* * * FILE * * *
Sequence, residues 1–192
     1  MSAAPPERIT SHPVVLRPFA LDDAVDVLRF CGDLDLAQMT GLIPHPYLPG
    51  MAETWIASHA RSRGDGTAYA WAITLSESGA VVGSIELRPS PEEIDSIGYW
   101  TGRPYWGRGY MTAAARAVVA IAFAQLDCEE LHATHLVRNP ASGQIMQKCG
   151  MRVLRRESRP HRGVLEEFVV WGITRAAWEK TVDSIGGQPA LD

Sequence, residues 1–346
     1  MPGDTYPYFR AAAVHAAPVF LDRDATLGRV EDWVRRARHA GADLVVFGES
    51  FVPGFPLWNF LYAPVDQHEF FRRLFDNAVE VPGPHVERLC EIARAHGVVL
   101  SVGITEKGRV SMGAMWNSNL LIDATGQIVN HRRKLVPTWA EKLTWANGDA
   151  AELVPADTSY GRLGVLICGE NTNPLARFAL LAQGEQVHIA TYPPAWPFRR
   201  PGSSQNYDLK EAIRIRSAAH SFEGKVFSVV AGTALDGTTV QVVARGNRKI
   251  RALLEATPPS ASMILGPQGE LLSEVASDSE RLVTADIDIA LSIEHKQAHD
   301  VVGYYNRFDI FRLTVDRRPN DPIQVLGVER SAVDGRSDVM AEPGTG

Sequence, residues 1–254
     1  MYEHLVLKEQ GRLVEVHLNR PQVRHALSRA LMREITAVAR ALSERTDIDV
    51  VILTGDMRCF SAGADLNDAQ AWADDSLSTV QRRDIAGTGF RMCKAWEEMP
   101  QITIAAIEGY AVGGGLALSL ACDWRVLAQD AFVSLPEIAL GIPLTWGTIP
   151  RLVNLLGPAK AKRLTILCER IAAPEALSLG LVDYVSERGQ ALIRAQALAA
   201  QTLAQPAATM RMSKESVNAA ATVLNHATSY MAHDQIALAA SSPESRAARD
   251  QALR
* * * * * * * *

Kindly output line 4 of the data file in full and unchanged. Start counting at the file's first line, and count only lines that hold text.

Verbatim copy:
   101  TGRPYWGRGY MTAAARAVVA IAFAQLDCEE LHATHLVRNP ASGQIMQKCG